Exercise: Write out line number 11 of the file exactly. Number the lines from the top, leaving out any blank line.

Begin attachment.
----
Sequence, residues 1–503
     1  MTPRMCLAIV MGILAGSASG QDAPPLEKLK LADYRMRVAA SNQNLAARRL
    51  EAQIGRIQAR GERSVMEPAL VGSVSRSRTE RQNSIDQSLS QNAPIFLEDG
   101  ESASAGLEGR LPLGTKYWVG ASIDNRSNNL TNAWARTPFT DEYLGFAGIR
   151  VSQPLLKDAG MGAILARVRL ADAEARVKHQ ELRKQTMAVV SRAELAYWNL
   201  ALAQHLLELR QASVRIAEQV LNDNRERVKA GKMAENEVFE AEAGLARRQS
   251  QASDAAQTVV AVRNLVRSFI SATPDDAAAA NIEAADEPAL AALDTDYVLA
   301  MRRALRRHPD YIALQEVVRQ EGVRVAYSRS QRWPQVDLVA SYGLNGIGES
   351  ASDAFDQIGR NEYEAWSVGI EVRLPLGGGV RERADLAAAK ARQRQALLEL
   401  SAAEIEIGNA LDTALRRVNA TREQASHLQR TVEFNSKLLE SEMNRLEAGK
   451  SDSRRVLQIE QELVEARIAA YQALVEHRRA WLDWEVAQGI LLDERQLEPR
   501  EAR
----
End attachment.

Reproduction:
   451  SDSRRVLQIE QELVEARIAA YQALVEHRRA WLDWEVAQGI LLDERQLEPR